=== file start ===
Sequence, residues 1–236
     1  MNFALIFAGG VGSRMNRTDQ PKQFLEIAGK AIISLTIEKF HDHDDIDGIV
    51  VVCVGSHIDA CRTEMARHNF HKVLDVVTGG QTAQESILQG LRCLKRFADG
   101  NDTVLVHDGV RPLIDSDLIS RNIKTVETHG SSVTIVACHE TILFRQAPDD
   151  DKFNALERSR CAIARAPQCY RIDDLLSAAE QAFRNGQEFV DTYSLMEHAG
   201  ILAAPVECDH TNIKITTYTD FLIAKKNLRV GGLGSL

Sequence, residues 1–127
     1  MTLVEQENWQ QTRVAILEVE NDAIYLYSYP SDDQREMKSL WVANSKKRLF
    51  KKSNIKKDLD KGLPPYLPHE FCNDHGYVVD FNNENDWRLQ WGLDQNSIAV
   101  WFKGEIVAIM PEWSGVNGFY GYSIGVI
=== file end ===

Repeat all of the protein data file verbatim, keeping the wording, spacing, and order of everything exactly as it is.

Sequence, residues 1–236
     1  MNFALIFAGG VGSRMNRTDQ PKQFLEIAGK AIISLTIEKF HDHDDIDGIV
    51  VVCVGSHIDA CRTEMARHNF HKVLDVVTGG QTAQESILQG LRCLKRFADG
   101  NDTVLVHDGV RPLIDSDLIS RNIKTVETHG SSVTIVACHE TILFRQAPDD
   151  DKFNALERSR CAIARAPQCY RIDDLLSAAE QAFRNGQEFV DTYSLMEHAG
   201  ILAAPVECDH TNIKITTYTD FLIAKKNLRV GGLGSL

Sequence, residues 1–127
     1  MTLVEQENWQ QTRVAILEVE NDAIYLYSYP SDDQREMKSL WVANSKKRLF
    51  KKSNIKKDLD KGLPPYLPHE FCNDHGYVVD FNNENDWRLQ WGLDQNSIAV
   101  WFKGEIVAIM PEWSGVNGFY GYSIGVI